It is thought that the more flexible approach to call assessment, resource dispatch, and response intervals brought on by the combination of dispatch on disposition and the
new code set, may reduce further deterioration in performance and maintain a consistent service. However, as highlighted by the researchers at Sheffield University, a system of ongoing review and refinement is needed to optimise delivery (Turner et al, 2017).

Implementing the programme

All ambulance services are now using dispatch on disposition, and the new call categories are intended to be fully implemented by winter 2017. This will hopefully reduce pressures on A&Es during their busiest time period.

‘We wanted to make ambulance services as efficient as they could be but that we didn’t lose sight of some of the core aims: prioritising the sickest patients, making sure we incentivise clinically and operationally efficient behaviours, and trying to reduce the long waits for patients,’ said Benger.

‘When I first started in my job, I noticed that when you gathered ambulance chief executives together in a room, they would spend about 90% of the time talking about ambulance response times and 10% about clinical outcomes. I’d like to reverse that.’

As demand for urgent and emergency care sees year-on-year increases, services have to adapt to reduce pressure and ensure patients are able to get the care they need. It is hoped the new ambulance standards will go some way to making this a reality.

References

Keogh B. Ambulance Response Programme—letter to Secretary of State [Internet]. Leeds: NHS England; 2017. Available from http://tinyurl.com/ybfgxmfx

NHS England. What next for England’s ambulance services? Leeds: NHS England; 2017a. Available from http://tinyurl.com/yb7vzk8g

NHS England. New ambulance standards announced. Leeds: NHS England; 2017b. Available from http://tinyurl.com/yc6ywmqs

Turner J, Jacques R, Crum A, Coster J, Stone T, Nicholl J. Ambulance Response Programme: Evaluation of Phase 1 and Phase 2. Final Report. Sheffield: School of Health and Related Research, University of Sheffield; 2017.

Taken from Journal of Paramedic Practice, published October 2017.

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More advanced paramedics needed if A&E pressure is to be eased

Adobe Spark (1)The NHS must introduce more advanced paramedics if emergency departments are to meet growing patient demand. The NHS is reaching a crisis point—annual rises in emergency admissions and insufficient resources mean patients aren’t receiving the necessary levels of care. Traditionally, care provided by paramedics has focused on the immediate assessment and management of potentially life-threatening emergencies. This is then followed by transfer to an appropriate receiving unit. However, increasingly, evidence suggests that patients who present to ambulance services with lower acuity presentations could alleviate the need for hospital admission by undergoing assessment and management in the community.

This is highlighted in new draft guidance published by NICE (2017), which should fall on welcome ears to ambulance services. It recommends that the NHS provides more advanced paramedic practitioners (APPs), who have extended training in assessing and treating people with medical emergencies, to relieve pressure on emergency departments.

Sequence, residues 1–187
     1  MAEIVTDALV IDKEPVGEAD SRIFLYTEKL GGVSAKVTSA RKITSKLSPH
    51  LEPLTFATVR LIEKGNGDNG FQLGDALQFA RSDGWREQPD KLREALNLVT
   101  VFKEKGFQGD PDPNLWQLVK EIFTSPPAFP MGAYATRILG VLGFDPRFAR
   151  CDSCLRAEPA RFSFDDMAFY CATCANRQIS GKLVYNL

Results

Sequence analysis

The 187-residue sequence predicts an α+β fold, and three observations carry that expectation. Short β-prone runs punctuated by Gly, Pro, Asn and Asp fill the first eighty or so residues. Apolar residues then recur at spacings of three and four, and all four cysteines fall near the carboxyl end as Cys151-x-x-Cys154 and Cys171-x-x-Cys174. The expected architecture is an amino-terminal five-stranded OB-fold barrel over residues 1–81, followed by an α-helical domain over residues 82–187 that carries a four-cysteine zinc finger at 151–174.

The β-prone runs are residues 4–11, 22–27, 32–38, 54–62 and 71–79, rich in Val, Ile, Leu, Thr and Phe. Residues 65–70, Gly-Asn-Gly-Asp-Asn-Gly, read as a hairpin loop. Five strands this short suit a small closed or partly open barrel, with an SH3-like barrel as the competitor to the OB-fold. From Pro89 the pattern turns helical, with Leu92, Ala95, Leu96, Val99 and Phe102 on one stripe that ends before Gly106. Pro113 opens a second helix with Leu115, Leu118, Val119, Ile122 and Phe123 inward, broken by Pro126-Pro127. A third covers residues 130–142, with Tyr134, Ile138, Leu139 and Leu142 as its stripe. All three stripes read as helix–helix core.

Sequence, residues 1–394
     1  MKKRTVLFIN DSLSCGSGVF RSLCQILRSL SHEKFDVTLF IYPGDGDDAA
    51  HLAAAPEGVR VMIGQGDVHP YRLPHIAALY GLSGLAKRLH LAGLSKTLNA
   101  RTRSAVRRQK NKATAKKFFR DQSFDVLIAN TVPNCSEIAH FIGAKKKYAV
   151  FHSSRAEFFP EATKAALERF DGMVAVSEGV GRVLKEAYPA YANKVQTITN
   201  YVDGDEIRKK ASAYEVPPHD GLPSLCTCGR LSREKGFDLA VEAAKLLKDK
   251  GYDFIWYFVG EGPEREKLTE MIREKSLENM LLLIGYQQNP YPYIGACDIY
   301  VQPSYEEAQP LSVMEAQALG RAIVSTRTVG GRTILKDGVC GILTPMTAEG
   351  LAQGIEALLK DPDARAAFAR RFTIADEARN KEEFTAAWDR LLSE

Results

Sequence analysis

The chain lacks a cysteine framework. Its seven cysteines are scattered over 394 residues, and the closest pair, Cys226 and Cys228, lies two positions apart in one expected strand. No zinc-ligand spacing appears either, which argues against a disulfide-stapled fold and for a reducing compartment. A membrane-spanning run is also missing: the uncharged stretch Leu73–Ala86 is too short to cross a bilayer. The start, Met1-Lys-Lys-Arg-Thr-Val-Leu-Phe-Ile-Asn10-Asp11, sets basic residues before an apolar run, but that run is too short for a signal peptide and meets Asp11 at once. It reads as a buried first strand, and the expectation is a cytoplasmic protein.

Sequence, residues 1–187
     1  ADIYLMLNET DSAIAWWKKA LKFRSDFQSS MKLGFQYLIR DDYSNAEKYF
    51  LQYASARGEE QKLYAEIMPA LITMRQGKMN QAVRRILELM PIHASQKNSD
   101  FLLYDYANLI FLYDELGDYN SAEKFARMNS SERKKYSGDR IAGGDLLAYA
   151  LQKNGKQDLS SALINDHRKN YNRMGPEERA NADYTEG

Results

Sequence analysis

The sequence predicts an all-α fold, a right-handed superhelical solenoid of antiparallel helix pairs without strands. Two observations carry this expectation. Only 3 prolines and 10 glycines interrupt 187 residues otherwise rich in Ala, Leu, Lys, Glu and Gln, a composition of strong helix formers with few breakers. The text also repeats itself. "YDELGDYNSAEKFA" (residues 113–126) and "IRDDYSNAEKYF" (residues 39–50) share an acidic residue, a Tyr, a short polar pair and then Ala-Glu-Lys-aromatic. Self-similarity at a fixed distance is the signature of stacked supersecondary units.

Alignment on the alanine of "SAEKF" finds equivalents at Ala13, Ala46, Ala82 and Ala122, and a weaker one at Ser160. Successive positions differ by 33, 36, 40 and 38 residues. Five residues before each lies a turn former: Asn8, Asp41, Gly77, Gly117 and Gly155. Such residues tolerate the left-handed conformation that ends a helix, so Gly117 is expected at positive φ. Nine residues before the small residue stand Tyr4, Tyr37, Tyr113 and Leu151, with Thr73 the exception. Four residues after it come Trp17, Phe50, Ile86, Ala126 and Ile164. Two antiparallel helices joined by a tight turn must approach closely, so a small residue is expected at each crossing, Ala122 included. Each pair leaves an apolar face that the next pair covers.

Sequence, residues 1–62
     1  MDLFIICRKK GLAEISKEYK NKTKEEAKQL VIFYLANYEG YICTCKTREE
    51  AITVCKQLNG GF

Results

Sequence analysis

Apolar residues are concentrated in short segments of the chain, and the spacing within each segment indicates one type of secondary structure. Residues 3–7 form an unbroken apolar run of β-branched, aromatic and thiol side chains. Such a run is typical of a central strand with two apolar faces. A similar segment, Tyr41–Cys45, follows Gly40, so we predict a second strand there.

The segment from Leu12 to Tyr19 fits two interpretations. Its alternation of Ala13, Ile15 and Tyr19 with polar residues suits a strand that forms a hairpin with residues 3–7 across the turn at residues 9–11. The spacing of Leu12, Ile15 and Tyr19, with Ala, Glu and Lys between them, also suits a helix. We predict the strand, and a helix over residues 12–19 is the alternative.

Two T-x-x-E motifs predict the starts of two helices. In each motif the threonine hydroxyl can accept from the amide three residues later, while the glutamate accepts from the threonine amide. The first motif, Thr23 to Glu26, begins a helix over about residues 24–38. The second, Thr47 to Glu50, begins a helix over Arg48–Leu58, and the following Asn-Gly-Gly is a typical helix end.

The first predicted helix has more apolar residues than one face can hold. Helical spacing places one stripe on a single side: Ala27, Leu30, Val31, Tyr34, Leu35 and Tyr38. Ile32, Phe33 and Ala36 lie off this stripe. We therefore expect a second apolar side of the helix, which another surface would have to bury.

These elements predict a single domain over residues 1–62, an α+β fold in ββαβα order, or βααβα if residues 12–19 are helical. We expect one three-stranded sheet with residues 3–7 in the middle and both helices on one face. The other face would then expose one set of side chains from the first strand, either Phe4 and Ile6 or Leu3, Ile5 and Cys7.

Evaluating the evidence

In order to make these recommendations, the guideline committee investigated whether enhancing the competencies of paramedics resulted in a reduction in hospital admissions and demand for emergency department services. When considering clinical evidence, three studies were included in the review. Two studies, which came from the same cluster-randomised controlled trial, looked at a paramedic practitioner service in the UK, which gave enhanced training to paramedics.

The first study comprised 3018 people and evaluated the benefits of paramedic practitioners who have been trained with extended skills to assess, treat, and discharge older patients with minor acute conditions in the community (Mason et al. 2007). The evidence suggested that enhanced competencies of paramedics may provide benefit for reducing the number of hospital admissions (0–28 days), emergency department attendance (0–28 days), and patient and/or carer satisfaction. There was no effect on mortality.

The second study comprised 2025 people and evaluated the safety of clinical decisions made by paramedic practitioners of older patients contacting the emergency medical services with a minor injury or illness (Mason et al. 2008). Of the 3018 patients recruited into the randomised-controlled trial, 993 were admitted to the hospital at the index episode, which explains why they were excluded from the analysis in this study. The evidence suggested that there was no effect of paramedics’ enhanced competencies on unplanned emergency department attendance.

The final study was a non-randomised (quasi-experimental) study of emergency care practitioners who worked as single responders to ambulance service 999 calls, compared with standard paramedic or technician ambulance responding to ambulance service 999 calls. The study comprised 1107 people and aimed to evaluate the impact of emergency care practitioners on patient pathways and care indifferent emergency care settings.
(Mason et al. 2012). The evidence suggested that enhanced competencies of paramedics may provide a benefit from reduced numbers of patients referred to hospital (emergency department or direct admission to a hospital ward), and increased number referred to primary care.

Additionally, one cost-utility analysis was assessed to consider the economic implications of providing additional advanced paramedics within ambulance services, and found that the paramedic practitioner scheme was cost-effective compared with the standard 999 service (Dixon et al. 2009). This study was assessed as partially applicable with minor limitations.